I totally understand that clowns are odd and a bit overly jolly to make me want to hang out with them. I get why kids might not like them (but kids also are afraid of bizarre stuff like cracks in the sidewalk and the letter ‘T’), but there’s just no reasonable explanation for a grown person to scream in terror at the sight of a clown. Of course, reasonable is the operative word, there. Fear isn’t reasonable by definition.
Okay, fine – maybe grown men in makeup are unnerving. How, then, do you explain the terror some people experience from dolls. You know the ones – the dead stare, the weird prerecorded voice, the neat, staid clothing.
Here the problem is, ultimately, that they’re tiny and inanimate. Even if they are animate (e.g. Chucky), they’re still up to your knee. Possessed by the devil or not, just pick it up and lob it into the nearest woodchipper or trash compactor – there, crisis averted. This is another instance of things made to look adorable or attractive somehow becoming terrifying. I don’t understand this. I mean, sure, again, a little weird, a little creepy, but not really scary. Anything that can be overpowered by one hand and destroyed by a pair of scissors isn’t on my list of fears.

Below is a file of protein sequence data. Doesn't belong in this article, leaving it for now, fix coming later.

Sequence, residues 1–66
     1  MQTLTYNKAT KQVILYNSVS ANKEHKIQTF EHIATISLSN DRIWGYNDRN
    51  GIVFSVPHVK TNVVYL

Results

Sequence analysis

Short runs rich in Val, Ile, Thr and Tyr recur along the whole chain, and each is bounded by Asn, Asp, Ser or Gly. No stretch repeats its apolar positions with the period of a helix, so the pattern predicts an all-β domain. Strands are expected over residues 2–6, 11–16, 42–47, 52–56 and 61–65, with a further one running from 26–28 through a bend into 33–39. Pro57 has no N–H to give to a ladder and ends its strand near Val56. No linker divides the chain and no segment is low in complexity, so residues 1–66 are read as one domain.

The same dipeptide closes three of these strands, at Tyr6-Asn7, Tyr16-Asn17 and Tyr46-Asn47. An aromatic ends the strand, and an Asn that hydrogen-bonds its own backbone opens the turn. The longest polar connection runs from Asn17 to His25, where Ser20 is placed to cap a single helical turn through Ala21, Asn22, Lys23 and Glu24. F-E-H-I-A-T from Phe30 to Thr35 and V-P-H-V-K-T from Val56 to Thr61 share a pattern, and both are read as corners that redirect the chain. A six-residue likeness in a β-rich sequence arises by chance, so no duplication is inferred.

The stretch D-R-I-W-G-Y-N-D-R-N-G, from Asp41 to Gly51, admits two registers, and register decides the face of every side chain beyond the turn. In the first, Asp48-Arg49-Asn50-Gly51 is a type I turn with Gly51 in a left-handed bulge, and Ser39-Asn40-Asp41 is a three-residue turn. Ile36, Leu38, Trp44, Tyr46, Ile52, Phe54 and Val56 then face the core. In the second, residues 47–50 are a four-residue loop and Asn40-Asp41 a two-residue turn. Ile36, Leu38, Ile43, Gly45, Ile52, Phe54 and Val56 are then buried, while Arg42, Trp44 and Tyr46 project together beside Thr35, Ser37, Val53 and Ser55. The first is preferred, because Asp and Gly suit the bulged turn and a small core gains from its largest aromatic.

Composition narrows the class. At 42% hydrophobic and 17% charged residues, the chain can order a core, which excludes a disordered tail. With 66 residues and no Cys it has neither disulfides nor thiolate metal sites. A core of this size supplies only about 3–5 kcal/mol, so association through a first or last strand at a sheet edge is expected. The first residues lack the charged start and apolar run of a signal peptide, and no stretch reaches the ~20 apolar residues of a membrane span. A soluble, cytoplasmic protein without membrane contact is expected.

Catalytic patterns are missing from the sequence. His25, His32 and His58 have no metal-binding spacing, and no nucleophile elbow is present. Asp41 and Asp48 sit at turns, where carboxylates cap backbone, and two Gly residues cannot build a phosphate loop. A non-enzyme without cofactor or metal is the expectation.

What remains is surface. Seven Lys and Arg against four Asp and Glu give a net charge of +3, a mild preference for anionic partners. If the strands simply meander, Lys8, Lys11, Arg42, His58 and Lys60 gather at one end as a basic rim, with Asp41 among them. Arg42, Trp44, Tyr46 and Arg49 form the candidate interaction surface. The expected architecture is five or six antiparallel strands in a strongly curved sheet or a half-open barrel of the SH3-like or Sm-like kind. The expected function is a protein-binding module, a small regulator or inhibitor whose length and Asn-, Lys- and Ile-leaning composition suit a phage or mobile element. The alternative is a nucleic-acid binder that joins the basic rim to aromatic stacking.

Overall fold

So lets move on down the list until we get to ‘creepy children.’ This one blows my mind. Really.
I like kids. I have a kid (soon to be two). I’m a teacher and, in my career, I’ve taught small children. They aren’t scary. Ever. Ever ever. I can’t even conceive of an instance where a child under the age of 10 could ever be at all creepy. They could say anything they want and my response would be somewhere between ‘ain’t that adorable’ and ‘that’s inappropriate, young lady.’ Can kids make you angry? Hell yes. Can they make you sad? Certainly. Can they be weird? 100%. Scary? No. Not to psychoanalyze in abstentia, but part of me feels like people freaked out by children aren’t so much afraid of the kids as much as the presence of those kids somehow reminds them that they are growing up and older and becoming adults, which in turn frightens them. I’m probably 100% wrong on that one, but that’s just the first thing that comes to mind.